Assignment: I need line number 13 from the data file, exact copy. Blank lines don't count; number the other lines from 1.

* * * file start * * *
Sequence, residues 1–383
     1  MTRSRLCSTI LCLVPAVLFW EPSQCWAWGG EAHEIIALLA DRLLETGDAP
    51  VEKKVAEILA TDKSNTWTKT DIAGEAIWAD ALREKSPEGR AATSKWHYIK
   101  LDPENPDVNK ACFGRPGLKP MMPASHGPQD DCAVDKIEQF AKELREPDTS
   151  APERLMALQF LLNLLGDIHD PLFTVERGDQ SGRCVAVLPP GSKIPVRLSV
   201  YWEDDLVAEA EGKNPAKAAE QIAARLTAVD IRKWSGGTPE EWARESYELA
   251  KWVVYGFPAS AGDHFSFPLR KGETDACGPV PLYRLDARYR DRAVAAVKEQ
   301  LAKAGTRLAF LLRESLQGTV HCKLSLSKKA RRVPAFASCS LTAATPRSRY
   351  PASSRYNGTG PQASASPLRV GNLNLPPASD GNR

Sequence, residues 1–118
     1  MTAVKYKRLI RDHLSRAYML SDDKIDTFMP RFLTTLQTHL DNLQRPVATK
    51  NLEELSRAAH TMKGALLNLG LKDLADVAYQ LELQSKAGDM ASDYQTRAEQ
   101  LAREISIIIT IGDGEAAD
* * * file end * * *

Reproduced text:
   101  LAREISIIIT IGDGEAAD